The Panavia Tornado – Review by Mark Barnes for War History Online

Pen & Sword produced some genuinely lovely aviation photo archive books during 2015 and I still have a few to tell you about that appeared towards the end of the year.  Both come from authors who came up with gems I would have included in a ‘best of’ for the year had I got round to writing one.  The effect of those books was to make me hit the ‘more please’ button, and having seen these latest titles, my opinion has not changed.

Michael Leek is back with his look at the Panavia Tornado, a big lump of jet given the snappy Multi-Role Combat Aircraft tag by European defence planners eager to get plenty of bang for their marks, pounds and lira.  The Tornado has proven to be a solid package for all the roles planned for it, so those men back in the 1970s who foresaw tightened budgets and off-piste wars away from the German plain got things just about right. The Tornado remains busy over Iraq and Syria today just as it was over the same region during two Gulf Wars and further west over Libya.

The politics of those conflicts is not my beeswax, the issue here is the aircraft itself. I had the pleasure of attending a talk given by former RAF navigator John Nichol who had the grim distinction of being one of those faces we saw on TV during the 1991 Gulf War when he was shot down over Iraq. Some of his comments about operating the aircraft seem a little at odds with the look of the things in Mr Leek’s book, but it was ever thus that even the sexiest looking kit could and would be fickle. Tornados in various guises will remain in service with British, German, Italian and Saudi forces into the next decade.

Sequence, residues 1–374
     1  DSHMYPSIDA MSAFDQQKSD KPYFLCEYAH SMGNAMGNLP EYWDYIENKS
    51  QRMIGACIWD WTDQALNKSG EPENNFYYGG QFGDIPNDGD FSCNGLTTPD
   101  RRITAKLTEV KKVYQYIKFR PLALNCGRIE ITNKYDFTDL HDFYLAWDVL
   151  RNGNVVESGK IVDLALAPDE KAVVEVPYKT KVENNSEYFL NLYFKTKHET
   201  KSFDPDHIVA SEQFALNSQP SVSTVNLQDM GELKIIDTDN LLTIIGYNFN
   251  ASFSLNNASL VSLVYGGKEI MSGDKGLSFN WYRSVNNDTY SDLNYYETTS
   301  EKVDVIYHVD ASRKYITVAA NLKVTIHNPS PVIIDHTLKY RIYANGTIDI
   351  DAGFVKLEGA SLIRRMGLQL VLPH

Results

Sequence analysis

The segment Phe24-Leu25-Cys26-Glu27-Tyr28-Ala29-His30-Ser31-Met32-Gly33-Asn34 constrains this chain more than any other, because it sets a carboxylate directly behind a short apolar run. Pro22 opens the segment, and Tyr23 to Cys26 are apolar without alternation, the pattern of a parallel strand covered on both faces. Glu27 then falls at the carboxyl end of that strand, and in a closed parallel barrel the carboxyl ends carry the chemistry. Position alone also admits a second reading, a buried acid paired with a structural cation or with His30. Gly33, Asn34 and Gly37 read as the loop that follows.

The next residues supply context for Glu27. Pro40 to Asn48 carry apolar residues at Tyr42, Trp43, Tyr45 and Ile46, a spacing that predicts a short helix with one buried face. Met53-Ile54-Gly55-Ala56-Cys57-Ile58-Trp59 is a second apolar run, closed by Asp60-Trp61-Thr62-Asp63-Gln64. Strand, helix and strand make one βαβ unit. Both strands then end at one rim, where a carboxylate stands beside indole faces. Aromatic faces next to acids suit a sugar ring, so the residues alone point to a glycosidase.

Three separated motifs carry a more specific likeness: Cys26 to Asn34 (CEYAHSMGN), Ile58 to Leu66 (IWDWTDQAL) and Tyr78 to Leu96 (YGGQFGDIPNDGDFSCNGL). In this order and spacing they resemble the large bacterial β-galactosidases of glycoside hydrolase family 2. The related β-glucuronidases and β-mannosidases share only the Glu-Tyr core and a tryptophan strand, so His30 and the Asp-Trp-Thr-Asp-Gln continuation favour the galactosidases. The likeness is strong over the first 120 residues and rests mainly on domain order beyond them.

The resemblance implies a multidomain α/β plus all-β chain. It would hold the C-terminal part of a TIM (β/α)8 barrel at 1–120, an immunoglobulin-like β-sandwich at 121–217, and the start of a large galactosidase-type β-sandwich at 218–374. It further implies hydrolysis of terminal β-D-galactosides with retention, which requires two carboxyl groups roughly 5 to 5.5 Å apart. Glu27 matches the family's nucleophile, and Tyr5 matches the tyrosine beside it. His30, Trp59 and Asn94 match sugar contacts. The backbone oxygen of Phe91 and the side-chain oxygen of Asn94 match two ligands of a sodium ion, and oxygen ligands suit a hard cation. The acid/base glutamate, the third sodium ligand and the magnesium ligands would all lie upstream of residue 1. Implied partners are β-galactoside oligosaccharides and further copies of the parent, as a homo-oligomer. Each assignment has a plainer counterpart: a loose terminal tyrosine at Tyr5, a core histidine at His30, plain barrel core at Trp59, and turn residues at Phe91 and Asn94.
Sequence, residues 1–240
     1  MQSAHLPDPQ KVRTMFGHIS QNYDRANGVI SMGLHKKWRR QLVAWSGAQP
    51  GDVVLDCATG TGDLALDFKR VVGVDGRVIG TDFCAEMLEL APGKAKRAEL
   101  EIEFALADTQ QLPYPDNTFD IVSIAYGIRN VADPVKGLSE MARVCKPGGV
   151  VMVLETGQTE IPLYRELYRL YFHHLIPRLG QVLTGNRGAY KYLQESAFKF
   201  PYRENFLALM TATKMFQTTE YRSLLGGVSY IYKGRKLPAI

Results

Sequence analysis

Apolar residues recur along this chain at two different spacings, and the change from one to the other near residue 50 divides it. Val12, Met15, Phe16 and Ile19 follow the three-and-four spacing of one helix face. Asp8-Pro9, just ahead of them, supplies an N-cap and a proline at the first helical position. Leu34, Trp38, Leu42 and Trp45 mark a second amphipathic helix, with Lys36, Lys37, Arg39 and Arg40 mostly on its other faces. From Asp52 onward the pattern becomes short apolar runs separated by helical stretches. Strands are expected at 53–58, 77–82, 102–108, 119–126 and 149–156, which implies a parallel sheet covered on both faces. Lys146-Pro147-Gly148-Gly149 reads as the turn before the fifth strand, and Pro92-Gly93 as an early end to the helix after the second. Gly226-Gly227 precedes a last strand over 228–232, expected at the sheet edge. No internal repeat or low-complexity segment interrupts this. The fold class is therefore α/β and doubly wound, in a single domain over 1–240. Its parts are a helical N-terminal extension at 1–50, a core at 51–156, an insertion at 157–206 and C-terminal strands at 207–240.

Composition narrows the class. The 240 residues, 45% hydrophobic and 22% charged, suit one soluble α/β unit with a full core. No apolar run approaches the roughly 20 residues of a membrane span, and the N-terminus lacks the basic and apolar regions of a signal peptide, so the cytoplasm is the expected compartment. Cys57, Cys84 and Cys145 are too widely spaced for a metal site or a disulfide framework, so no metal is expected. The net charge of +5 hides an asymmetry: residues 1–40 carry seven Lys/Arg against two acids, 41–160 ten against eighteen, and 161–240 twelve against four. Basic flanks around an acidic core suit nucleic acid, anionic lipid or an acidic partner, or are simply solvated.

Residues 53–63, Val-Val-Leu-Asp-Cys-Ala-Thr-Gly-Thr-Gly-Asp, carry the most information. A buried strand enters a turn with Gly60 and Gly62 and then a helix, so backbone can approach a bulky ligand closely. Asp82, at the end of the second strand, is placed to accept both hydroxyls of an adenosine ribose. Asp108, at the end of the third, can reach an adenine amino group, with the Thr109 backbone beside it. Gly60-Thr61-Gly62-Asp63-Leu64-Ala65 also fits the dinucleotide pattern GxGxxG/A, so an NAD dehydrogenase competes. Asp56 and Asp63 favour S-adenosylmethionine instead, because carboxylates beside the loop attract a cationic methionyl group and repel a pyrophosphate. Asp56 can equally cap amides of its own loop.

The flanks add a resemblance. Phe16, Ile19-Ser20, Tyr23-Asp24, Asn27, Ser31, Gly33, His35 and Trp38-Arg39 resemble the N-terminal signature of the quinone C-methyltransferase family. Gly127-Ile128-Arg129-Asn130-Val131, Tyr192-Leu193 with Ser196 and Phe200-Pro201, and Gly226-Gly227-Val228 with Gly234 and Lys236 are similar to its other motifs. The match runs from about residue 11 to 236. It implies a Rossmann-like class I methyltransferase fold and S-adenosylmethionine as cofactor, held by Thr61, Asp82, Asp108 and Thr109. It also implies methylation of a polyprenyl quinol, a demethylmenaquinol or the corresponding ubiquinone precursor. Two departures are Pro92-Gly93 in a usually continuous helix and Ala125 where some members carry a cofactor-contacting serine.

Mr Leek’s latest book is another beautifully prepared photo exposition of jets thundering about over the Lake District and through the Machloop in addition to views from places near and far. The author looks at the type in service with all the previously mentioned countries, but the lion’s share are from the United Kingdom. Commenting on the standard of photography is utterly pointless. This book is stunning.  I saw something on Facebook about the Machloop earlier this week and it gives me food for thought about a trip to Wales to see if things for myself.  If a trip there is a geographical impossibility for you, then this book may well be enough to sate your appetite for big noisy jets in confined airspace. But there is so much more to this book. Brilliant.


A Photographic Tribute
By Michael Leek
Pen & Sword Aviation
ISBN: 978 1 78159 297 7

Mark Barnes

Mark Barnes is a longstanding friend of WHO, providing features, photography and reviews. He has contributed to The Times of London and other publications. He is the author of The Liberation of Europe (pub 2016) and If War Should Come due later in 2020.